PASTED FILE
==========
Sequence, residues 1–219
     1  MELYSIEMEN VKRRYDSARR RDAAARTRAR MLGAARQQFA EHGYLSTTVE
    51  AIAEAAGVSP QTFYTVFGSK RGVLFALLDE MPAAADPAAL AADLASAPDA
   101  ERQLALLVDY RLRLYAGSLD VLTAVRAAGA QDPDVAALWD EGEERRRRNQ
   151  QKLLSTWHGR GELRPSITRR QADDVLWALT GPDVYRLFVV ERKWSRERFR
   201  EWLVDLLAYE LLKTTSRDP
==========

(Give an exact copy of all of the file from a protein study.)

Sequence, residues 1–219
     1  MELYSIEMEN VKRRYDSARR RDAAARTRAR MLGAARQQFA EHGYLSTTVE
    51  AIAEAAGVSP QTFYTVFGSK RGVLFALLDE MPAAADPAAL AADLASAPDA
   101  ERQLALLVDY RLRLYAGSLD VLTAVRAAGA QDPDVAALWD EGEERRRRNQ
   151  QKLLSTWHGR GELRPSITRR QADDVLWALT GPDVYRLFVV ERKWSRERFR
   201  EWLVDLLAYE LLKTTSRDP